Article: Treatment of hepatitis C virus–associated mixed cryoglobulinemia with direct-acting antiviral agents—M E Sise et al.
Source: Hepatology, 63: 408–417. doi:10.1002/hep.28297
Study Aims and Results: HCV-related cryoglobulinemia is a disease that can cause severe consequences. Cryoglobulinemia produces cryoglobulin proteins that circulate in the blood that causes damage to various organs such as the skin and kidneys.
There has been a lack of information about the safety and effectiveness of treatment with direct-acting antiviral medications to treat cryoglobulinemia. The study compiled data from previous studies of twelve patients treated between December 2013 and September 2014 with simeprevir plus sofosbuvir or sofosbuvir plus ribavirin. Kidney biopsies or kidney function tests established cryoglobulinemia involvement in 7 patients. Fifty percent of the patients had cirrhosis. Four patients were also receiving rituximab (a drug used to treat non-Hodgkin’s lymphoma, rheumatoid arthritis, and cryoglobulinemia-related complications) while receiving direct acting antiviral therapy.
Conclusions: The overall hepatitis C cure rate was 83%. Eighty-nine percent of the patients who were cured of hepatitis C had a decrease in cryoglobulin levels. Four of the nine patients who had their cryoglobulin levels available for measurement had complete disappearance. Kidney function also improved after being cured. The treatment was generally well tolerated – there were only 17% with serious side effects.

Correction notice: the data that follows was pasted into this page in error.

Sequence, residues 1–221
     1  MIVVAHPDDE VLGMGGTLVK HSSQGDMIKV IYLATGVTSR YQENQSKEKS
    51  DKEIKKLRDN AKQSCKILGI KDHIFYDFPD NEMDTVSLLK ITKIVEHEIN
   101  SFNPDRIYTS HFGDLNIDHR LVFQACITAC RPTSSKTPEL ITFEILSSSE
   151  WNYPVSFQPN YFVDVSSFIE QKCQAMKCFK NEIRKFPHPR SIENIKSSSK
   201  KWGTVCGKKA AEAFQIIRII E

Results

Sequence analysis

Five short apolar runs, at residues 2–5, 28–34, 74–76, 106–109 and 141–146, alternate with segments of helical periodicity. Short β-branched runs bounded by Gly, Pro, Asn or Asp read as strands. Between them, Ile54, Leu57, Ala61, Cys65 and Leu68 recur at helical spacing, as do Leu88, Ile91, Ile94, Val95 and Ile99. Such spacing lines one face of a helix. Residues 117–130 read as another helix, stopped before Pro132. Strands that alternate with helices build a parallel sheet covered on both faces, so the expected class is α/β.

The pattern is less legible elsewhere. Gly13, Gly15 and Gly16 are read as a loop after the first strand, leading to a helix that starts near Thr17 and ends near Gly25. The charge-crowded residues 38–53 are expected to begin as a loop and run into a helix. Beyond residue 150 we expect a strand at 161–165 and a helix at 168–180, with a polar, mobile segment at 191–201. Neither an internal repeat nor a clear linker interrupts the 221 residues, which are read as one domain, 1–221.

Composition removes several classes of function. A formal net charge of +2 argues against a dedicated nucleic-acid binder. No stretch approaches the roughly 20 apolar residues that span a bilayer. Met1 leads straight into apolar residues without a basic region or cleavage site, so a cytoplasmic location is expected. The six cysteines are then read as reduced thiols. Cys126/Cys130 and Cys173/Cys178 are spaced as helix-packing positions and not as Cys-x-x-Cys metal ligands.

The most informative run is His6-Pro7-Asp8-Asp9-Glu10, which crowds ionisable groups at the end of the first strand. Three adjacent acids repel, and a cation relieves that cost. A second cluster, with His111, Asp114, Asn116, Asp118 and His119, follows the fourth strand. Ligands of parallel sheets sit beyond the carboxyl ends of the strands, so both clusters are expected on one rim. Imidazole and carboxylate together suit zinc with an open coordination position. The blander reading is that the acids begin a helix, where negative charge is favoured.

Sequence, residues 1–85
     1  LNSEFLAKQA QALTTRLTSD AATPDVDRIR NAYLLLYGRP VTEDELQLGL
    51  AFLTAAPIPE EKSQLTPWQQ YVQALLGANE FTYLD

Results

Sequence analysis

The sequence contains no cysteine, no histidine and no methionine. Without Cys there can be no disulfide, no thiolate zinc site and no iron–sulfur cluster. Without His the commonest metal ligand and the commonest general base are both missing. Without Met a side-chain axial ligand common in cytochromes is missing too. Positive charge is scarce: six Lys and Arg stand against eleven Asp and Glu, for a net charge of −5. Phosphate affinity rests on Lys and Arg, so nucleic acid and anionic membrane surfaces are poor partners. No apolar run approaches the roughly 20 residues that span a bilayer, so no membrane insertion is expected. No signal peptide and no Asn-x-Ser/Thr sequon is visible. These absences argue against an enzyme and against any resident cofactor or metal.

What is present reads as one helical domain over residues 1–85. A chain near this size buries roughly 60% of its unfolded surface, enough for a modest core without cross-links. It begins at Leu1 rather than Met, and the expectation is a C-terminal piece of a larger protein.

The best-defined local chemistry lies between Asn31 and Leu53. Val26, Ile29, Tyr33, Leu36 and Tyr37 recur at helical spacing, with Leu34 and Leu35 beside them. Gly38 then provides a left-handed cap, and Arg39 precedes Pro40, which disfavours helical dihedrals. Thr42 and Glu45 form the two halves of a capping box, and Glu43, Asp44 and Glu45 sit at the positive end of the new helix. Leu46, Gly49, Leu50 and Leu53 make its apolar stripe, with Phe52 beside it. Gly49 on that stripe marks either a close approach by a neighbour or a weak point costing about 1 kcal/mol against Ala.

Editorial Comment: This is good news for people with cryoglobulinemia. It is a disease with serious and potentially life-threatening consequences. The previous therapies that included pegylated interferon and ribavirin had many more serious side effects. If there was kidney involvement, ribavirin was often limited or dose reduced. Now that we have interferon- and ribavirin-free therapies we should be treating everyone with hepatitis C and cryoglobulinemia. Check out the article about cryoglobulinemia in this issue of the HCV Advocate. Also, follow this link to our new Extrahepatic Manifestation Glossary.
Article: Increasing Prevalence of Cirrhosis among US Adults Aware or Unaware of their Chronic Hepatitis C Virus Infection—P Udompap et al.
Source: J Hepatol. 2016 Jan 22. pii: S0168-8278(16)00014-3. doi: 10.1016/j.jhep.2016.01.009. [Epub ahead of print]
Study Aim and Results :The aim of the study was to estimate the prevalence of cirrhosis in the United States in people who had already been diagnosed with hepatitis C and people who had not yet been diagnosed with hepatitis C. The authors used the National Health and Nutrition Examination Survey (NHANES) database. They tested people who were over 20 years old for HCV antibodies and follow-up HCV RNA (viral load) and determined the degree of fibrosis/cirrhosis. They also re-evaluated HCV positive people who had already been evaluated for cirrhosis.
Of the 52,644 NHANES people identified, 49,429 were tested for HCV, of whom 725 met the inclusion criteria of HCV RNA /viral load positive and had a fibrosis/cirrhosis measurement.